The Last Crown / Bracken Tor (sort of) – Iceberg Interactive

Mayke Griffioen of Iceberg Interactive promised us that the next game in Jonathan Boakes's Crown series, The Last Crown, will be out around Halloween. Matt Clark is currently helping Jonathan with the game and once it's finished he will return to his own game, Bracken Tor. Despite the lengthy delays with no updates, Matt's game is still in development and will be released, but the Dutch publisher is not putting any pressure on Matt to finish. Also lurking in the distance is Boakes's third and final Crown adventure (ironically named The First Crown), which is still on track for launch in late 2014.


The Perils of Man – IF Games (with Bill Tiller/Gene Mocsy)

The Perils of Man was first unveiled a day or so before gamescom. Made by a newly founded studio and co-designed by Bill Tiller and Gene Mocsy, the first of two parts will be released on iPad only, for free, in October, with the finale expected before the end of the year. The idea for the game came from a Swiss insurance company, Swiss RE, and they have fully funded the game to celebrate their 150th anniversary. They contacted Philipp Zünd of Swiss animation studio boutiq AG to create a game out of their idea, and after negotiating some conditions – such as the game not becoming too serious – Zünd founded IF Games and hired experienced game developers Bill Tiller and Gene Mocsy to join him.

Image #3The HD graphics are absolutely gorgeous, showing the 3D world in a dollhouse-like way with the camera following the movement of the characters fluidly, even through doors and down stairways. Going from one room to another doesn't involve black or static loading screens, as the camera just momentarily sweeps out of the building and back in again to find the character in the next room.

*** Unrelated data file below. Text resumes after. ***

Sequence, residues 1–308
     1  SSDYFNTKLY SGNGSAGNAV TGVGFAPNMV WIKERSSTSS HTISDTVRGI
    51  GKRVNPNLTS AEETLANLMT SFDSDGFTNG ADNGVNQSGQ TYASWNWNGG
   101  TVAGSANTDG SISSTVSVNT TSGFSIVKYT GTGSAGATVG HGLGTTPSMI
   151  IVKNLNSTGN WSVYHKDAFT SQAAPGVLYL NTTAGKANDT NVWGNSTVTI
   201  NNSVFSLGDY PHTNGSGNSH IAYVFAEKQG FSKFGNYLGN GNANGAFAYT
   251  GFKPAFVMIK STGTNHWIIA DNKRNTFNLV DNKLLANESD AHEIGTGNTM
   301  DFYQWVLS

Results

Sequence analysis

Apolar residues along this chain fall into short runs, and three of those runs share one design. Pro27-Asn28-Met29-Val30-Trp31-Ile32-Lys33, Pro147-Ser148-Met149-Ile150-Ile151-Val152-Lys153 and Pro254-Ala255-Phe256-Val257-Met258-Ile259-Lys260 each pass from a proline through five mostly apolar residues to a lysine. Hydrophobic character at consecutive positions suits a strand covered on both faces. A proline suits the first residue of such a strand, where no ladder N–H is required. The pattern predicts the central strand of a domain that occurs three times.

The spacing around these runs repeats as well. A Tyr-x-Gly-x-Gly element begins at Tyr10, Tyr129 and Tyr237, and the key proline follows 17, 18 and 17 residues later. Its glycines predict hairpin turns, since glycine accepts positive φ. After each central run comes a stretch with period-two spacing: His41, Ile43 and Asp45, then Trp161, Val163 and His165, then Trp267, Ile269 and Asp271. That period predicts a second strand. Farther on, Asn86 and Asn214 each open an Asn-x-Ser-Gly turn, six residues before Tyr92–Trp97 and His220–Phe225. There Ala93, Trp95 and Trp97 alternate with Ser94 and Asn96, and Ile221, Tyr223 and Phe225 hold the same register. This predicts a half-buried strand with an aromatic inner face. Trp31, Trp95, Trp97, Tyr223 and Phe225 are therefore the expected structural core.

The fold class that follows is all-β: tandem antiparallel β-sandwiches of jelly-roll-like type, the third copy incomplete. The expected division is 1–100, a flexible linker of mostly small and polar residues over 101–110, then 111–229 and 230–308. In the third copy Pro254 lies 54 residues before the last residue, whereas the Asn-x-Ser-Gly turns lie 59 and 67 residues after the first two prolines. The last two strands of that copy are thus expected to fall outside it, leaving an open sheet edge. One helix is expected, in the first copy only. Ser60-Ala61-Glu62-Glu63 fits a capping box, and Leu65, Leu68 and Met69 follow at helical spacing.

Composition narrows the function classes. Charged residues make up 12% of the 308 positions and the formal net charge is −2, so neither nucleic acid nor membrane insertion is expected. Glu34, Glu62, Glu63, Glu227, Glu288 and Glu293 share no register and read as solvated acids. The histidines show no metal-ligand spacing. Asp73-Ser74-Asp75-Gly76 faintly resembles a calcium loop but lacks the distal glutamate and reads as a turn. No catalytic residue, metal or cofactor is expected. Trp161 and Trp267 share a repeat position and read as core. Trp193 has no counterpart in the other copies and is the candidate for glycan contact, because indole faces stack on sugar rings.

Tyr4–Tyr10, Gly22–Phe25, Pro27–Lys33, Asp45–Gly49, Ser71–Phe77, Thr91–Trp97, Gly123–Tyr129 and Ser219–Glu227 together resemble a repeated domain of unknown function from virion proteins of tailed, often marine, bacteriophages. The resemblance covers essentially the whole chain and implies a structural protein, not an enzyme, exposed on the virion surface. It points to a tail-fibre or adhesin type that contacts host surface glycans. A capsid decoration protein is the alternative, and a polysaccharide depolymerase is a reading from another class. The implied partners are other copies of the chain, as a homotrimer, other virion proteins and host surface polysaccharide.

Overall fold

The story unfolds largely through 30-plus animated cutscenes, which is where the game's origin becomes obvious: what if it were possible to look at a scene and be able to foresee the potential dangers and risks? The protagonist is a girl named Ana Eberling. Her father, a scientist, disappeared ten years ago. On her birthday, her mother gives her a box that her father left behind for her. Ana deduces he must still be alive if he wanted her to have this, and after some investigative work she discovers that someone in her family invented an instrument – some kind of goggles – with which you could travel in time and assess risks. This device plays a large role in the game. With it you can foresee such things as a gas leak, and by making sure it doesn't explode you can completely change the future. If the game is a success in the App Store, a PC version might be considered by Swiss RE, but IF Games can't commit to any promises.


Red. Black. Fate. – German All-Stars

The final presentation of the day was by a team of six local developers, the German All Stars. Studios Daedalic, Deck13, KING Art, Black Forest Games, Cliffhanger Productions and Virgin Lands will collectively develop a game called Red. Black. Fate. Each studio will bring its own knowledge and experience to the table. A share of the revenues will be donated to charity, but to raise the needed money to create the game in the first place, they are planning a crowdfunding campaign in October. Hardly any information was given on the story or even the genre, and with only half of the studios having worked on adventure games (and all of those having already branched into other genres on their own) it's hard to say how much traditional adventuring will be involved – if any – so we'll have to wait to discover more when the Kickstarter is launched.